Apple, Verizon, Nokia — there are almost as many stocks you can use to play the “5G revolution” as there are investors attempting to play it. Today, we’re going to use data from TipRanks’ Stock Screener to explore two lesser-known names that might be worth buying — and also examine why another could be one to avoid.
Without further ado — but with a word of thanks to Susquehanna Financial Group for doing the legwork — let’s dive right in and introduce you to all three:
Keysight Technologies (KEYS)
We’ll begin with Keysight — at $19.4 billion in market cap, possibly the biggest 5G play you’ve never heard of.
Santa Rosa, California-based Keysight provides electronic design and test solutions to the 5G industry, ensuring that products designed to implement this new technology will work as promised, and with an emphasis on infrastructure testing as well as R&D work. Within 5G, Susquehanna analyst Mehdi Hosseini notes that Keysight “has exposure throughout the entire [5G] ecosystem including chipsets, devices, network infrastructure and data centers,” and plays a role in testing base stations and network upgrades as well.
Keysight is coming off a strong Q4 report in November, says Hosseini, in which the company reported 8% sequential sales growth (that might have been 10% growth but for the impact of the Trump administration’s ban on sales to customer Huawei). Based on how the stock is performing so far, Hosseini predicts Keysight could earn as much as $4.73 per share in fiscal 2020, and $5.77 in 2021, en route to consistent annual earnings in the $6-plus range. Not bad for a stock selling for only about $103 a share.
The analyst establishes his $127 price target on the stock based on the fiscal 2021 earnings estimate, applying a 22x multiple to those earnings, roughly in the middle of “peer group” stocks that are being valued at between 20 and 24x FY2021 earnings, which seems fair. (To watch Hosseini’s track record, click here)
For the record, six of the seven Street analysts who have published ratings on Keysight stock in the past two months, have rated it a “buy.” Even with average price targets a bit short ($122) of what Susquehanna is saying ($127), the consensus on the Street is that Keysight buyers today can expect to earn an 18.5% profit on their investment. (See Keysight stock analysis on TipRanks)
Viavi Solutions (VIAV)
Next up: San Jose, California-based Viavi Solutions, another testing provider that also offers monitoring and assurance solutions to the 5G industry. Once again, this is one of Hosseini’s favorites, and “a leader on fiber network testing and testing of base stations.” Hosseini goes so far as to describe it as “the king of fiber.”
“But wait!” you object. Aren’t we talking about 5G wireless internet? What does fiber have to do with that?
Hosseini explains: Even if 5G is a wireless technology, wireless providers still “need more fiber at points of access and as networks continue to replace legacy cables with advanced fiber technology.” What’s more, because 5G technology won’t appear by magic, and all in an instant, “between the 5G network buildout and the core network upgrade, the fiber business is in a strong position to capitalize on new opportunities,” which is a good reason to own Viavi in the time period leading up to the 5G buildout.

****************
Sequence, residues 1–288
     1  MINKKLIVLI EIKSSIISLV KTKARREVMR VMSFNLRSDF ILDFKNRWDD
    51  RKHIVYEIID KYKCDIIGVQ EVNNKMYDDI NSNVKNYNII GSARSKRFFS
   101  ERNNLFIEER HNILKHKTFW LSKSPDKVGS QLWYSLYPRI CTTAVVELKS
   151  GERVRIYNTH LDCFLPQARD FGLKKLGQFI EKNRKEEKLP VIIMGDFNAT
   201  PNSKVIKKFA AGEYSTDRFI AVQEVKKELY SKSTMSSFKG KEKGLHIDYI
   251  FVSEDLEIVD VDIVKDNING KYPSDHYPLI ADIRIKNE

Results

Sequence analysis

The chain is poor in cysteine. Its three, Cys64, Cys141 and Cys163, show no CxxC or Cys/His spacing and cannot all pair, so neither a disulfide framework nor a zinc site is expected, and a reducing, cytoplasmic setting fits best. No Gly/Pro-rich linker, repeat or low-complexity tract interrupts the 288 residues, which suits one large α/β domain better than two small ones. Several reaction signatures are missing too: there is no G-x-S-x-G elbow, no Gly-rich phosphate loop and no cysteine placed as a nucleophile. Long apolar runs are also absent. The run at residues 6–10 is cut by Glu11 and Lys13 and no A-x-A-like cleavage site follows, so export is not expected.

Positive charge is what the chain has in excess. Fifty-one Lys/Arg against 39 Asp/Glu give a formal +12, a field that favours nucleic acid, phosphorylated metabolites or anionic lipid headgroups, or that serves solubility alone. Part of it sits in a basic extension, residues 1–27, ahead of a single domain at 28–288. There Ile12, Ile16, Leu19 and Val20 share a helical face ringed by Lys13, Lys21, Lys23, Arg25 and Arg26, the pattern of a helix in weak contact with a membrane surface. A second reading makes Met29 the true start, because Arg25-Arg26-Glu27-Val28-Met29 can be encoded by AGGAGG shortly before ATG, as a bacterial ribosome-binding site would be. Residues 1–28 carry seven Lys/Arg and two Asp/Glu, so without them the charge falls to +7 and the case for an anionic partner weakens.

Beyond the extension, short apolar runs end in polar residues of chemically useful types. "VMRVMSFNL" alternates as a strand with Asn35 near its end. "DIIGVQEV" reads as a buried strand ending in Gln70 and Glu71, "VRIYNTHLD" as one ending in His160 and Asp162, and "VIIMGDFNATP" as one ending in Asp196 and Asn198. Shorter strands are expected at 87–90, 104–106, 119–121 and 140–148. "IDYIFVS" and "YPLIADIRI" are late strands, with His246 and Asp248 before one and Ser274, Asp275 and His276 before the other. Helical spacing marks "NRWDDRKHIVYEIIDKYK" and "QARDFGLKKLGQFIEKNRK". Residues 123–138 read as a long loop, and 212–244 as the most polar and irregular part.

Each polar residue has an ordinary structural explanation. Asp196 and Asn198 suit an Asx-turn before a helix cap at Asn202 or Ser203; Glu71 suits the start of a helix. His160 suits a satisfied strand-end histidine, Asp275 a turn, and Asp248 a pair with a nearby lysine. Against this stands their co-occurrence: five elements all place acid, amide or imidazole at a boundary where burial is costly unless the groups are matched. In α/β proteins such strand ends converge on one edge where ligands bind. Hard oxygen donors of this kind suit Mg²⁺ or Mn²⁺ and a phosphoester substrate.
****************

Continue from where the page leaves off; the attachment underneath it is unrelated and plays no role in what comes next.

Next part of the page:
Hosseini has a $19 price target on this one, and viewed from one perspective, it’s slightly more aggressive than what some other analysts are saying.
So why does Hosseini think $19 (20% upside) is a more likely price? As the analyst points out, $19 a share is only about 20x to the company’s fiscal year 2022 earnings estimate. For comparison, some of Viavi’s competitors are trading for even richer multiples, approaching 27 times forward earnings! Viewed in that light, a $19 target price doesn’t look all that unreasonable.
TipRanks’ records show that over the last three months, even as six rating analysts have unanimously declared Viavi a “buy,” their average price target is only $17.50 per share. Which by the way is till 11% upside. (See Viavi stock analysis on TipRanks)
But will tell you what Hosseini does think unreasonable: Buying and holding Teradyne stock.
The only one of these three stocks that Hosseini dislikes enough to tar with a “negative” rating, North Reading, Massachusetts-based semiconductor tester Teradyne is almost certainly the best-known of the three stocks discussed in Hosseini’s report. It’s also, at a valuation of just 26.5 times earnings, arguably the best bargain of the three. (Keysight stock costs almost 32 times earnings, and Viavi — more than 133x!)
So why doesn’t Hosseini like it?
Simply put, he doesn’t think this stock’s earnings power is going to stick around much longer. Earnings per share are “peaking” at Teradyne, says the analyst, “with no rebound till mid 2021” — and 18 months may feel like a long time to wait for investors as they see competitors to Teradyne stock pulling ahead. Meanwhile, Teradyne stock is priced close to a 20-year high right now, which suggests there’s substantially more downside risk than upside potential in the near term.
With revenues slowing and costs rising, Teradyne’s current share price north of $72 just isn’t sustainable, argues Hosseini, and he believes that a year from now, the shares could be selling for as little as $55 — 24% downside risk.
Simply put, Hosseini thinks you can do better than that — and thinks buying Keysight and Viavi are the best ways to do it.
Granted, the analyst may be early to this call. Most of the other bankers following Teradyne today rate the shares no worse than “hold.” But even these optimists think Teradyne stock won’t climb much farther than $75 a share over the next 12 months — a bare 5% profit off of today’s prices. (See Teradyne stock analysis on TipRanks)